In Slovakia, another country overshadowed by Russian influence, audio clips resembling the voice of the liberal party chief were shared widely on social media just days before parliamentary elections. The clips purportedly captured him talking about hiking beer prices and rigging the vote.

It’s understandable that voters might fall for the deception, Ajder said, because humans are “much more used to judging with our eyes than with our ears.”

In the U.S., robocalls impersonating U.S. President Joe Biden urged voters in New Hampshire to abstain from voting in January’s primary election. The calls were later traced to a political consultant who said he was trying to publicize the dangers of AI deepfakes.

In poorer countries, where media literacy lags, even low-quality AI fakes can be effective.

Such was the case last year in Bangladesh, where opposition lawmaker Rumeen Farhana — a vocal critic of the ruling party — was falsely depicted wearing a bikini. The viral video sparked outrage in the conservative, majority-Muslim nation.

“They trust whatever they see on Facebook,” Farhana said.

Experts are particularly concerned about upcoming elections in India, the world’s largest democracy and where social media platforms are breeding grounds for disinformation.

Some political campaigns are using generative AI to bolster their candidate’s image.

In Indonesia, the team that ran the presidential campaign of Prabowo Subianto deployed a simple mobile app to build a deeper connection with supporters across the vast island nation. The app enabled voters to upload photos and make AI-generated images of themselves with Subianto.

As the types of AI deepfakes multiply, authorities around the world are scrambling to come up with guardrails.

The European Union already requires social media platforms to cut the risk of spreading disinformation or “election manipulation.” It will mandate special labeling of AI deepfakes starting next year, too late for the EU’s parliamentary elections in June. Still, the rest of the world is a lot further behind.

The world’s biggest tech companies recently — and voluntarily — signed a pact to prevent AI tools from disrupting elections. For example, the company that owns Instagram and Facebook has said it will start labeling deepfakes that appear on its platforms.

But deepfakes are harder to rein in on apps like the Telegram chat service, which did not sign the voluntary pact and uses encrypted chats that can be difficult to monitor.

Some experts worry that efforts to rein in AI deepfakes could have unintended consequences.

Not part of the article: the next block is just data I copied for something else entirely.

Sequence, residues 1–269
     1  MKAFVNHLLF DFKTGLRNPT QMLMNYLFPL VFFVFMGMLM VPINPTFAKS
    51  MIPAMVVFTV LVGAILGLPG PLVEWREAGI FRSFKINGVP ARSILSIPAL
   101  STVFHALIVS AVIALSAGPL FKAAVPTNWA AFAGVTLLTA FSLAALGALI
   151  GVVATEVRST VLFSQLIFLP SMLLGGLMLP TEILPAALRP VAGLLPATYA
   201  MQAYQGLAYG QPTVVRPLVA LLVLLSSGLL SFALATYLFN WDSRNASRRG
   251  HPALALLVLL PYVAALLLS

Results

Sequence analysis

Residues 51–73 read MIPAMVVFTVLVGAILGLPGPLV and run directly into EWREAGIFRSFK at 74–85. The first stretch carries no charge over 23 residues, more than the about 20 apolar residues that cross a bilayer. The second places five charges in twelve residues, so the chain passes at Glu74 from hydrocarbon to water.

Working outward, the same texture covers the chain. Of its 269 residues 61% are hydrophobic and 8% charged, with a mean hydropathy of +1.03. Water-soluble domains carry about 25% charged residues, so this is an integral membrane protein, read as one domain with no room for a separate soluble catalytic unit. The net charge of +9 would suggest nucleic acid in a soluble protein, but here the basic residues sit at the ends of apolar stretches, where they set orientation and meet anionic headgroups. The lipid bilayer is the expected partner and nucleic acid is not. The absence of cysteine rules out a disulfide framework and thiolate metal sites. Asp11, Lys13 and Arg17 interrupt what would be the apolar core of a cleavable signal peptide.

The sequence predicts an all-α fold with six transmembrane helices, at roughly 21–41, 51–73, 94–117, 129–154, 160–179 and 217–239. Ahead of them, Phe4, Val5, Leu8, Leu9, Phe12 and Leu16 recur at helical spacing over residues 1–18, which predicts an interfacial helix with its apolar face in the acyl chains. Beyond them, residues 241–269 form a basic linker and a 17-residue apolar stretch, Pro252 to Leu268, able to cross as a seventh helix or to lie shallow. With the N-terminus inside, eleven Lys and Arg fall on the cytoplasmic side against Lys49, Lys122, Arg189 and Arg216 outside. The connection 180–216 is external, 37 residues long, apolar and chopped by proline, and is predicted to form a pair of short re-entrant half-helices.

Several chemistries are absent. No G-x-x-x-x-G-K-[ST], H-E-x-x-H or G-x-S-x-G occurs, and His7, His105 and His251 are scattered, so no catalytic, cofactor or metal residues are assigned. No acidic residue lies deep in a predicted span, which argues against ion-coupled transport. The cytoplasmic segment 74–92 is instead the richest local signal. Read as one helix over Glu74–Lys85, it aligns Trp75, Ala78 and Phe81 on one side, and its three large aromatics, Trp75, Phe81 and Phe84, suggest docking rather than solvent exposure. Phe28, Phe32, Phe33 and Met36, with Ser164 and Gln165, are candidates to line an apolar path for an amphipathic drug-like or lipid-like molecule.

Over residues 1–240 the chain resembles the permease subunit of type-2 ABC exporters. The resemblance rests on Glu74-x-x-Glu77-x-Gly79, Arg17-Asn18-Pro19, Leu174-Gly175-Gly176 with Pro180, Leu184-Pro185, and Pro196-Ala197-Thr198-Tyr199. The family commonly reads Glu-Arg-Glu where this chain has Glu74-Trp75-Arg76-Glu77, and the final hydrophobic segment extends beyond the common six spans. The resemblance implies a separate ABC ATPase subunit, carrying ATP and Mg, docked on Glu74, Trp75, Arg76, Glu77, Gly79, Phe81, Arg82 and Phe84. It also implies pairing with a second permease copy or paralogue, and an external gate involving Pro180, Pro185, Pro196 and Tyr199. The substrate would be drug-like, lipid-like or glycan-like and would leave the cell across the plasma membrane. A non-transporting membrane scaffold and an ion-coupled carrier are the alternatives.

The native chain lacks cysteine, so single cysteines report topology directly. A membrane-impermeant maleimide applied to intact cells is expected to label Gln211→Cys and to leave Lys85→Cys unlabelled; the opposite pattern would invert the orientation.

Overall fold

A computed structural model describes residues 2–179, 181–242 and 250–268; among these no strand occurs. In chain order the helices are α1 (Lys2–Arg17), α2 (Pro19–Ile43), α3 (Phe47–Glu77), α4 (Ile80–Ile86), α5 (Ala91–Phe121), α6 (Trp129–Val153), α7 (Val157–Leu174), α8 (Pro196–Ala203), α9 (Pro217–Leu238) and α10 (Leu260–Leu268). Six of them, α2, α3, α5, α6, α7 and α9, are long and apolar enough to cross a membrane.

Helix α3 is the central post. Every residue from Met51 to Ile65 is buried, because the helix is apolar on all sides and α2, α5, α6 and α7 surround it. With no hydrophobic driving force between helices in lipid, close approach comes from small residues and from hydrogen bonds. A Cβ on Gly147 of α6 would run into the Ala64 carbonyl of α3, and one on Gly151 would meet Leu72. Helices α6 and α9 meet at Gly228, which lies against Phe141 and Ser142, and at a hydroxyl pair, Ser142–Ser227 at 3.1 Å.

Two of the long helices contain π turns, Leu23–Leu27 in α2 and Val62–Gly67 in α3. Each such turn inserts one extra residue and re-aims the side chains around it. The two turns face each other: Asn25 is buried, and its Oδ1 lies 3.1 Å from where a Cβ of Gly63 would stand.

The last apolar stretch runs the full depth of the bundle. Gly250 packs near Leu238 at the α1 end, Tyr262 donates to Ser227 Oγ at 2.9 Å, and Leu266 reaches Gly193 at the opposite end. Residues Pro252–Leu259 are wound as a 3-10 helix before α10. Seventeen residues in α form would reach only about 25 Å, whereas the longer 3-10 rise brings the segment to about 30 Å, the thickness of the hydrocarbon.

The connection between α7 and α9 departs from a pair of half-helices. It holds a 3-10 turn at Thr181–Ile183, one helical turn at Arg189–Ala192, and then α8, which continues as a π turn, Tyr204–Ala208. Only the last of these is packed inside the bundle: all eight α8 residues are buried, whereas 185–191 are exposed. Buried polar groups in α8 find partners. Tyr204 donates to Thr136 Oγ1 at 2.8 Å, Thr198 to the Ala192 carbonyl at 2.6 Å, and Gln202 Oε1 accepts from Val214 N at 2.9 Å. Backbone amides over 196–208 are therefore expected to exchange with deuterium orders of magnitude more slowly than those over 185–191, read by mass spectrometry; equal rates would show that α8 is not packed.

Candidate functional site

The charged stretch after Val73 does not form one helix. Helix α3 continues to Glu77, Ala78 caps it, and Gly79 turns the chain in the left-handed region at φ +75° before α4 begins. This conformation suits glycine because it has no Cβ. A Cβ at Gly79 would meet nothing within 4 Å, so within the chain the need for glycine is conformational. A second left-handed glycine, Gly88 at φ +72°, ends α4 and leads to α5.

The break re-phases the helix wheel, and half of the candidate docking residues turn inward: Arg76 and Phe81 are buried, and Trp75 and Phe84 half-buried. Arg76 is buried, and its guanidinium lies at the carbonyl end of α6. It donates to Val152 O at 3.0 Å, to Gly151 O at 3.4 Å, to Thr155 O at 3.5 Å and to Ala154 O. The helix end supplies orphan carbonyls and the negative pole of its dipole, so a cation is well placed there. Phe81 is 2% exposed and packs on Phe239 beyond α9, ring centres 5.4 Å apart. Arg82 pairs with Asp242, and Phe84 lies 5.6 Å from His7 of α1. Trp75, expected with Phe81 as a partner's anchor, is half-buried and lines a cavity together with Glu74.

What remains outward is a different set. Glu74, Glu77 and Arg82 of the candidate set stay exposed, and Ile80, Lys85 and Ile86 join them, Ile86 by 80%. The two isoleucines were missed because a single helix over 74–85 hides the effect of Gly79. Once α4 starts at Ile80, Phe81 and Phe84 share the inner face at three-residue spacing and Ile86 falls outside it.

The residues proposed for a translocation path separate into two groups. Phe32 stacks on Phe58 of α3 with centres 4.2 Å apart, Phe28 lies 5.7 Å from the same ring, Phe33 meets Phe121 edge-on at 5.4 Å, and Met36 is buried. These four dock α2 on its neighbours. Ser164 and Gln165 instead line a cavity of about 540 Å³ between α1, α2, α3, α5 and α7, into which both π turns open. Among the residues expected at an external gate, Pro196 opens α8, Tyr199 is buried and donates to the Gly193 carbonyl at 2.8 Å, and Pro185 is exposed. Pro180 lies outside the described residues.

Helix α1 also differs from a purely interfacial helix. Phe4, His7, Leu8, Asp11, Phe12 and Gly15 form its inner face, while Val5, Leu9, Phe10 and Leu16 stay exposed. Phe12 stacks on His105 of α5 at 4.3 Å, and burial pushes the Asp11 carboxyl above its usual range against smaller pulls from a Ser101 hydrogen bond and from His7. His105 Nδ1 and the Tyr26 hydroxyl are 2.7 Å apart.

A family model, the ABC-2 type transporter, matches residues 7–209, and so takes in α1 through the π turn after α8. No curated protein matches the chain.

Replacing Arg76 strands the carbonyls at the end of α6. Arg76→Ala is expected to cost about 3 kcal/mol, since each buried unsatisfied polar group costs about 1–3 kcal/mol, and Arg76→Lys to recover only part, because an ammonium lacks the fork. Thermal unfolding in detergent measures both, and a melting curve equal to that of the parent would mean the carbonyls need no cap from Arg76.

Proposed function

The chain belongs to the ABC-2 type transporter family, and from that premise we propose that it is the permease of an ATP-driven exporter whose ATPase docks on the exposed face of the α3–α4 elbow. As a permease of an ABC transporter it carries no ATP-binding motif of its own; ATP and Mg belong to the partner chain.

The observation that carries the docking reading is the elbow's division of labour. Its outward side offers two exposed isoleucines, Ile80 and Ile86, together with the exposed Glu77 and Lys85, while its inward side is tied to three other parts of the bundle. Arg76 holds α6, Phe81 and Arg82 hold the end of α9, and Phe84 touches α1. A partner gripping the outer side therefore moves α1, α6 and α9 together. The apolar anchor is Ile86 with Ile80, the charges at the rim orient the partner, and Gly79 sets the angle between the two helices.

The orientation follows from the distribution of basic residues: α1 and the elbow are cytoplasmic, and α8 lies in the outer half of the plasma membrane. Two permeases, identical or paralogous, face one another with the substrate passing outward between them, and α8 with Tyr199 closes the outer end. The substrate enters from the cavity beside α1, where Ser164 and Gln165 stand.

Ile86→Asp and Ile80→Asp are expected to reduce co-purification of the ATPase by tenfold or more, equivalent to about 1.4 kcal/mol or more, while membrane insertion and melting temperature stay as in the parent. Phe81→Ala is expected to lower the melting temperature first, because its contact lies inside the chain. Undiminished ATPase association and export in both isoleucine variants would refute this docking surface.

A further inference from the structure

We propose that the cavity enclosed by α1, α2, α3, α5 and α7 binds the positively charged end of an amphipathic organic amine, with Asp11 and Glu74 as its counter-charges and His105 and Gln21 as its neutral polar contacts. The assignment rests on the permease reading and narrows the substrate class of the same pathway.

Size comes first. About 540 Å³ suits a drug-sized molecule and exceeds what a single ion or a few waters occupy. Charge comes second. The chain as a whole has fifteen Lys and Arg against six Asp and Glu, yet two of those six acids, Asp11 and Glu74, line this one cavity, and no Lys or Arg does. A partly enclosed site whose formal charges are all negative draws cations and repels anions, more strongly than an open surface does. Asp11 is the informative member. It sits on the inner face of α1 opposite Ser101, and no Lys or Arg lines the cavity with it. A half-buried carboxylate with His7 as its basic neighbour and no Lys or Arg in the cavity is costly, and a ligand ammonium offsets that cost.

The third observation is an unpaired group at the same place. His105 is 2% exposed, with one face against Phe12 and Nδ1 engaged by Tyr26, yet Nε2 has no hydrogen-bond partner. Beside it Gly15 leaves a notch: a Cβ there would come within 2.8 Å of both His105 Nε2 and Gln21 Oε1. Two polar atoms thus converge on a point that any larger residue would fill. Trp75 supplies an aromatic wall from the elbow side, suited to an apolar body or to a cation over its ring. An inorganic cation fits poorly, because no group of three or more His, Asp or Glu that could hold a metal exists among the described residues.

Well-meaning governments or companies might trample on the sometimes “very thin” line between political commentary and an “illegitimate attempt to smear a candidate,” said Tim Harper, a senior policy analyst at the Center for Democracy and Technology in Washington.

Major generative AI services have rules to limit political disinformation. But experts say it remains too easy to outwit the platforms’ restrictions or use alternative services that don’t have the same safeguards.

Even without bad intentions, the rising use of AI is problematic. Many popular AI-powered chatbots are still spitting out false and misleading information that threatens to disenfranchise voters.

And software isn’t the only threat. Candidates could try to deceive voters by claiming that real events portraying them in an unfavorable light were manufactured by AI.

“A world in which everything is suspect — and so everyone gets to choose what they believe — is also a world that’s really challenging for a flourishing democracy,” said Lisa Reppell, a researcher at the International Foundation for Electoral Systems in Arlington, Virginia.

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Swenson reported from New York. Associated Press writers Julhas Alam in Dhaka, Bangladesh, Krutika Pathi in New Delhi, Huizhong Wu in Bangkok, Edna Tarigan in Jakarta, Indonesia, Dake Kang in Beijing, and Stephen McGrath in Bucharest, Romania, contributed to this report.

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The Associated Press receives support from several private foundations to enhance its explanatory coverage of elections and democracy. See more about AP’s democracy initiative here. The AP is solely responsible for all content.